Why newspaper’s April Fools’ Day stories are always a bad idea.
1. They’re intended to deceive. Why would newspapers want to violate its core value of telling the truth? OK, newspapers routinely publish deceptive content — horoscopes and many letters to the editor, for instance — but they’re daily features and most readers know what they’re getting.
2. They have unintended consequences. Readers don’t realize they’re being punk’d, and they respond to the story as if they’re real. As a result, they’re being made to look like fools, and that’s not a good idea. These days, a reader is a terrible thing to waste. Even some media organizations don’t get the joke. Check out the classic newspaper April Fools’ hoaxes at Poynter for examples of unfortunate consequences.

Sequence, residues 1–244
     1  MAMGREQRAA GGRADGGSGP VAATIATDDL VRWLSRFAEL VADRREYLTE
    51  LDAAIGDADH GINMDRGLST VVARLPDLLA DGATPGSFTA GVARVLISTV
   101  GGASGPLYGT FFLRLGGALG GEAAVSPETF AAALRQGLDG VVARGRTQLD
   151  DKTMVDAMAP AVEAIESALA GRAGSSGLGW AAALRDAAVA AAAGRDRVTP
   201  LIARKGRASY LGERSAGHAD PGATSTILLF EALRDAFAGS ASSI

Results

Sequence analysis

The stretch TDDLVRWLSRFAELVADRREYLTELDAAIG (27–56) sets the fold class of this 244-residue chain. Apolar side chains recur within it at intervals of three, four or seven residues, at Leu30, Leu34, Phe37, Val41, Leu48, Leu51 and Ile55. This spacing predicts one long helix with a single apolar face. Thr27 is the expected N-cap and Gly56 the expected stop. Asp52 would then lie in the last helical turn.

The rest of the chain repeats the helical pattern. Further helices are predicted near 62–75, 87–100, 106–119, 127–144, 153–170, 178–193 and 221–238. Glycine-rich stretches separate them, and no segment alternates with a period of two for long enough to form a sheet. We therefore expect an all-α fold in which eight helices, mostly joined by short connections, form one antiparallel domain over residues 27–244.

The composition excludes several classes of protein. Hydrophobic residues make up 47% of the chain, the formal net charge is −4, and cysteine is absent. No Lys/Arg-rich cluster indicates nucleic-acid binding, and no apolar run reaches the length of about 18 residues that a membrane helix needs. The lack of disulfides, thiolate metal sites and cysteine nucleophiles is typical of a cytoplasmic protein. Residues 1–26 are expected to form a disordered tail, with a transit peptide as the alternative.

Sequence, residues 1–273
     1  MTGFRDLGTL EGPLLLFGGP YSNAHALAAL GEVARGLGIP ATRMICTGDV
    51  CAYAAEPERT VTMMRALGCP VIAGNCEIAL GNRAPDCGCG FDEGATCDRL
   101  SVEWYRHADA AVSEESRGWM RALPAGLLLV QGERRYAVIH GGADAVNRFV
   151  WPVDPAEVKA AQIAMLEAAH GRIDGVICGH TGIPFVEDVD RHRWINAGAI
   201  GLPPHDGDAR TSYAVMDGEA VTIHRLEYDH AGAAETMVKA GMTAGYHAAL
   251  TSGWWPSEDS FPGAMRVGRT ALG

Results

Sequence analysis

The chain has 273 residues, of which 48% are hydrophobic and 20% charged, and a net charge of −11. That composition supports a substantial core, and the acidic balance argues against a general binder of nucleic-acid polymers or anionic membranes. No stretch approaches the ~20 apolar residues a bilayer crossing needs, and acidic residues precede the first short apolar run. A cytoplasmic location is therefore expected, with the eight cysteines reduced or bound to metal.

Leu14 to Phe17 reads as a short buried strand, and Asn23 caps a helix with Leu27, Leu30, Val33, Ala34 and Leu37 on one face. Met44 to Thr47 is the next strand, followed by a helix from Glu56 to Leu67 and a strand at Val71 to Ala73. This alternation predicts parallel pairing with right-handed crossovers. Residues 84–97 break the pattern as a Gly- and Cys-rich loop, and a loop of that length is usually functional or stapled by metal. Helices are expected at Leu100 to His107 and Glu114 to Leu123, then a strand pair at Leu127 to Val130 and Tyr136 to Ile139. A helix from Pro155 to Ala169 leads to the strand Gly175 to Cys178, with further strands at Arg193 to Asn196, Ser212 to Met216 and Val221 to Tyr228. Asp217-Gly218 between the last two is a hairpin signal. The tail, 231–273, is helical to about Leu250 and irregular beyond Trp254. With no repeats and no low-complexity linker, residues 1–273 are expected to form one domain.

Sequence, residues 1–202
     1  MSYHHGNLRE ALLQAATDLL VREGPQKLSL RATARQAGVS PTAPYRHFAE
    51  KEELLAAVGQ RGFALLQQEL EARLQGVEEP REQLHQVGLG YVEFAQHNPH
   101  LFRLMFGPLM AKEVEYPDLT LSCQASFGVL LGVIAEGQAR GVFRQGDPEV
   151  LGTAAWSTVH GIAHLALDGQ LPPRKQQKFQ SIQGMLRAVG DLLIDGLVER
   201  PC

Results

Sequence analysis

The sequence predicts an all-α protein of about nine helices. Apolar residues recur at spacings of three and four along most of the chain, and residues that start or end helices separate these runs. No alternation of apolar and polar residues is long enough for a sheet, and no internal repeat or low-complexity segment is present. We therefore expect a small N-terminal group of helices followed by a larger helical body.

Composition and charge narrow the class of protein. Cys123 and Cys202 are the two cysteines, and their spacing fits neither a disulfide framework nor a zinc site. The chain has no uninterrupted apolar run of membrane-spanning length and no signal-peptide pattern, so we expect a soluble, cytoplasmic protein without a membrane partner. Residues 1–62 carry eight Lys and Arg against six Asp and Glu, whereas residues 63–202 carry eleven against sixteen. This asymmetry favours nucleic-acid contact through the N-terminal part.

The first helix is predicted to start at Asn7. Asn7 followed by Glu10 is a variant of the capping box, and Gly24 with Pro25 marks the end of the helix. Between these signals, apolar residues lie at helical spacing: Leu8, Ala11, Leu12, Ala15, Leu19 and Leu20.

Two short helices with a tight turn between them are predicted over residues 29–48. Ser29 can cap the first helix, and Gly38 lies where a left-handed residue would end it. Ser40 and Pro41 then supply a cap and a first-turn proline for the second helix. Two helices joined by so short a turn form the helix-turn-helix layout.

3. The most important reason, though, is that they are so rarely funny or clever. Of the eight stories on Poynter’s list, only two come from American newspapers. There’s a reason for that. There are few George Plimptons on newspaper staffs writing “The Curious Case of Sidd Finch,” which would be an exception to this post if it had been published in a newspaper. Journalists are cynical, dark and X-rated, three traits that don’t translate well to family newspapers. That funny stuff in the bar after work never seems to get past the editor.
Then newspapers get cold feet with what they’ve done and end their stories by telling their readers that what they’ve just read is an April Fools’ Day joke. If you’re going to sin, sin boldly. Maybe you’ll make a future Poynter’s list. Otherwise, order another round for the bar.